Strong, toned arms don't require a gym or exercise studio membership. There are plenty of options right at home for sculpting the arms, and these exercises can be performed as your schedule permits, which removes any potential stress about squeezing in time to drive to another location. Simple items and areas around the house are perfect for strengthening the arms. Use these guidelines as a platform to build your own customized workout routine that is uniquely yours and that matches your individual fitness goals.
The Gold Standard: The Pushup
The beauty of the pushup is that it can be done practically anywhere -- all you need is enough floor space to accommodate an exercise mat. Pushups tone the entire arm region, including the biceps, triceps, deltoids and forearms. If you are embarking on a fitness program for the first time, consider starting with a modified knee pushup instead of a full-body pushup. Once you can comfortably do the knee pushup while maintaining good form and moving through the exercise in a steady, metered manner (don't forget to breathe), try a few full-body pushups and go from there. One way to make the pushup more effective is to tighten your abdominal muscles; doing so stabilizes the entire body. This technique is popular in exercise programs such as Pilates.
Dumbbells for the Triceps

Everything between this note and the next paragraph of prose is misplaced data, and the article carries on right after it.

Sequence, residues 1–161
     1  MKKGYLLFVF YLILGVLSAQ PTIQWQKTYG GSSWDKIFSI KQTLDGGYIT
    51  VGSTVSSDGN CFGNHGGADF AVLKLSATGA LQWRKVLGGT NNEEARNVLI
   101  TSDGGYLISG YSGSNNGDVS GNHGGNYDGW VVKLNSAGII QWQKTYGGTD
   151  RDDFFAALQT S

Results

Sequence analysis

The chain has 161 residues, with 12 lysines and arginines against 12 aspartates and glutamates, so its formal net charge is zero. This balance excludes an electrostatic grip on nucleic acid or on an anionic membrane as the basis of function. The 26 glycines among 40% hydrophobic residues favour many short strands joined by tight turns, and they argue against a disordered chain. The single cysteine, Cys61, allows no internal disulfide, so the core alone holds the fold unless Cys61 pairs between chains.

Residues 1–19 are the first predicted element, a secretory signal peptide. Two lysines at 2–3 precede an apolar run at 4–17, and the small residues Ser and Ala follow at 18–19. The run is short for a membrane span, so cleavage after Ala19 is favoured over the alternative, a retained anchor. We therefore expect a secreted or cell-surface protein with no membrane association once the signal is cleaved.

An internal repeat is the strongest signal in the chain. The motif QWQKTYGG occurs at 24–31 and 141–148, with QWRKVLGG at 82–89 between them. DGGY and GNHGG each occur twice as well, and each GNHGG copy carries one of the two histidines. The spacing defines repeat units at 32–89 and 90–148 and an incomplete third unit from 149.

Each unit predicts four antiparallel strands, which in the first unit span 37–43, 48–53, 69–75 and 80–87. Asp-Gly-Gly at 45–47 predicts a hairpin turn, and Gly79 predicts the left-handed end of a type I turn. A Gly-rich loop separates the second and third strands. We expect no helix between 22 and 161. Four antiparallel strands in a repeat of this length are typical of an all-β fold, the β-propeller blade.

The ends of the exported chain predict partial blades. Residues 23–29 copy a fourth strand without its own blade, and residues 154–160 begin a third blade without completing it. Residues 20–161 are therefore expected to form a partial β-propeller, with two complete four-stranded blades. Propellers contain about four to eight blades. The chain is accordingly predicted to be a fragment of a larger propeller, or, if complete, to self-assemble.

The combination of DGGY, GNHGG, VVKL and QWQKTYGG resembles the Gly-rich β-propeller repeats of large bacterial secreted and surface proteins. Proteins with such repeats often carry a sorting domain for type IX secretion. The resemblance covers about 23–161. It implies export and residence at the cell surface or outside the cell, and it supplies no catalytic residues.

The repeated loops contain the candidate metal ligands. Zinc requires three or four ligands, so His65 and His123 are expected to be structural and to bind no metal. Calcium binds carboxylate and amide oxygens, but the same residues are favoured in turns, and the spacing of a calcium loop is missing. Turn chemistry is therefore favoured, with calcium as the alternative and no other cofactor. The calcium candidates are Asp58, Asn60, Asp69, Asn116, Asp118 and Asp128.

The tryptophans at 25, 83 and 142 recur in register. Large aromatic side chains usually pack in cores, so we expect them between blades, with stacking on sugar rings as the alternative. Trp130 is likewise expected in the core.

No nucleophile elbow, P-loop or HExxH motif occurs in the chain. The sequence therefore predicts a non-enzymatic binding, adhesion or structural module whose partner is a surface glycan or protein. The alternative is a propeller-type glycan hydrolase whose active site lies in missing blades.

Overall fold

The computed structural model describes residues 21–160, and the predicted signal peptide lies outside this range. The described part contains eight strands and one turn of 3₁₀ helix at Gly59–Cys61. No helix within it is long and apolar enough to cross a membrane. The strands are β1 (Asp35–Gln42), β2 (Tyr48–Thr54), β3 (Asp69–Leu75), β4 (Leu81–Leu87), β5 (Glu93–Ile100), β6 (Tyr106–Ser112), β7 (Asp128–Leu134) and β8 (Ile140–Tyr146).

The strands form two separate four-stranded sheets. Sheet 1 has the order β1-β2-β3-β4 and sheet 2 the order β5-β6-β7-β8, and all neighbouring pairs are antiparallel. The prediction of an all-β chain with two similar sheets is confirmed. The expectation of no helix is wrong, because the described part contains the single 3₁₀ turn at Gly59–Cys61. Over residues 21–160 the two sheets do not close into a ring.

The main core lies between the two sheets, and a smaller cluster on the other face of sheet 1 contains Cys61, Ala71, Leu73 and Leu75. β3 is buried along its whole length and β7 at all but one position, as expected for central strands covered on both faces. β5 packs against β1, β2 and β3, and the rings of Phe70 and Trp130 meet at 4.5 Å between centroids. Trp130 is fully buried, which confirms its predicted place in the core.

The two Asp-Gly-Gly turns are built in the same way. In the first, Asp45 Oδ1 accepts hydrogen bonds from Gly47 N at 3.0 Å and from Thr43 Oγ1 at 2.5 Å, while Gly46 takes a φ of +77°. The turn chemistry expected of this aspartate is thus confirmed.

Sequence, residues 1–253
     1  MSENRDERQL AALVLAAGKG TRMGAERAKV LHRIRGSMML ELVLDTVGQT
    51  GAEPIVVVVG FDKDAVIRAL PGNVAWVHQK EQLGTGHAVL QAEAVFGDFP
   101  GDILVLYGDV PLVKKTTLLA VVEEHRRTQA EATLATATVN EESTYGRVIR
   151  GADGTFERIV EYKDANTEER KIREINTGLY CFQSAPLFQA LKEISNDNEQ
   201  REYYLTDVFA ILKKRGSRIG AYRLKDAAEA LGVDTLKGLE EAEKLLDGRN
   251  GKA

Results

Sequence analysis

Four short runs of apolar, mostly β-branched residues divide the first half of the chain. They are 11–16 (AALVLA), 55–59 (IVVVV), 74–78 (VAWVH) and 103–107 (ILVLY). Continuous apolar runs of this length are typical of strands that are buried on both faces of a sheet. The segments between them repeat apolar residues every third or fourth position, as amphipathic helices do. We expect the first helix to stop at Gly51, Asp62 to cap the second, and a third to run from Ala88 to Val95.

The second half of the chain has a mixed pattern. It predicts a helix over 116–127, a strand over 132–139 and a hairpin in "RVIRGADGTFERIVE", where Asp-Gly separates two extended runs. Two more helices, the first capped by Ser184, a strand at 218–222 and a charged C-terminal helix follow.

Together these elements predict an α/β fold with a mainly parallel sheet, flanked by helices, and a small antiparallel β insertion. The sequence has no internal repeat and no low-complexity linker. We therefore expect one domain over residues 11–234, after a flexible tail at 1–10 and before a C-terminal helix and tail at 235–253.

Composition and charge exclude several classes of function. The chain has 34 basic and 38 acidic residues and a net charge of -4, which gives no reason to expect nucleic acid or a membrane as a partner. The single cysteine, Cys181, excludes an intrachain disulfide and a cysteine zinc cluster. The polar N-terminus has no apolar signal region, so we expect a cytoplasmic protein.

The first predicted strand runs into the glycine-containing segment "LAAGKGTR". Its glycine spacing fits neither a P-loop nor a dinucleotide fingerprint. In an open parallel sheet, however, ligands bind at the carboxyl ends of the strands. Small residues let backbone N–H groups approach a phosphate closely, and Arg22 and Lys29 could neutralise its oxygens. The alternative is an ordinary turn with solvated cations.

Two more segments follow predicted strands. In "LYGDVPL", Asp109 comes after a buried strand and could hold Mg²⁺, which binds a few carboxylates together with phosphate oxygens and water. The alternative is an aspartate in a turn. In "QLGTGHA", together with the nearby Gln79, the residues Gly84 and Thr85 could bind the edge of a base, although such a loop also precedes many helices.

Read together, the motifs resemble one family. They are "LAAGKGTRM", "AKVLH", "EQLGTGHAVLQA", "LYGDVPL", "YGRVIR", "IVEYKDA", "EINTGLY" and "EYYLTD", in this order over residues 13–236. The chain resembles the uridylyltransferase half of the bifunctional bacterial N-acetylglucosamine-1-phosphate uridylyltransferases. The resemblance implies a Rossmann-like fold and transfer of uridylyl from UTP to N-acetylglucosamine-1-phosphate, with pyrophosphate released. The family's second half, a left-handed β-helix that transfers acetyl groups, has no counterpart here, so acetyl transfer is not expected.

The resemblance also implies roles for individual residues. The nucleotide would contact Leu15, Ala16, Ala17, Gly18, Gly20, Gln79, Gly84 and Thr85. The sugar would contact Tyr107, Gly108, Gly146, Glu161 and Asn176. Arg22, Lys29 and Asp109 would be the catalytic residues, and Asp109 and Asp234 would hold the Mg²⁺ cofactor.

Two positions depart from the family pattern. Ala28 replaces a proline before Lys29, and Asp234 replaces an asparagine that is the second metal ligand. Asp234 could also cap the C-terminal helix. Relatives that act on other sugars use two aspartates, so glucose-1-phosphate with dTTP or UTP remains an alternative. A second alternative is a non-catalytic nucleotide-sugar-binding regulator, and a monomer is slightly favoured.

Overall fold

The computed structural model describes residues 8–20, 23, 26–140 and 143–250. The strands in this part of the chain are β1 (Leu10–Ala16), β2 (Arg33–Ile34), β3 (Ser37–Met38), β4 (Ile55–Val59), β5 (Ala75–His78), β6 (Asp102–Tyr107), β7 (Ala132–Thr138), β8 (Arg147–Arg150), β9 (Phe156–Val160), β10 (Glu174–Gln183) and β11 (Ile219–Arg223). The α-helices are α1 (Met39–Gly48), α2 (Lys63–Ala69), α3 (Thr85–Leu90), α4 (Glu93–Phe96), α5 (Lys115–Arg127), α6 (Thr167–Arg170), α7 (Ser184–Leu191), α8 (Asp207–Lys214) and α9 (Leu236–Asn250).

Dumbbells are a smart investment for your home gym. They are inexpensive and easy to find. Look for varying weights so you can use a heavier dumbbell as you get stronger. The triceps extension performed with a dumbbell is a fast-track move for sleek arms. Lie on your back and hold a dumbbell in your hand. Raise your arm and hold it straight above your body. Slowly bend your elbow to 90 degrees and then straighten your arm. Repeat with your other arm. Be careful to keep the movement steady and deliberate. Avoid swinging your arm and breathe deeply with each rep.
Target your biceps using dumbbells or even cans of food from your pantry. If you don't have dumbbells, use cans of beans, for example. If you have dumbbells, choose a weight that works the muscle but doesn't strain it. Stand with your feet hip-width apart and hold a can or dumbbell in each hand. Allow both arms to hang straight at your sides. Bend your elbows to 90 degrees and give the biceps a little squeeze at the top of the rep. Lower your arms slowly and be careful not to swing your arms or body in an attempt to make the exercise easier; if you find this happening, simply lower the weight and build up as your arms get stronger.
Listen to Your Body
Working out at home has undeniable benefits -- you can do it in your pajamas, for example. What you might miss is having the eyes of a trained instructor watching you do your moves and correcting you as needed. For this reason, be extra-vigilant with your body's cues. If you feel tension or strain in your arms, take a break and stretch. If pain continues, see your doctor or physical therapist before going back to your routine.
- The Anatomy of Pilates; Paul Massey
- MayoClinic.com: Weight Training Exercises -- Triceps Extension
- MayoClinic.com: Weight Training Exercises -- Biceps Curl With Dumbbell
- Teaching Pilates for Postural Faults, Illness & Injury; Jane Paterson
Michelle Kodis has been a writer and editor for more than two decades. She holds a master's degree in journalism from Columbia University, is the author of nine books and has contributed articles to various magazines, newspapers and blogs. She is also a certified Pilates instructor and studies canine therapeutic massage/acupressure.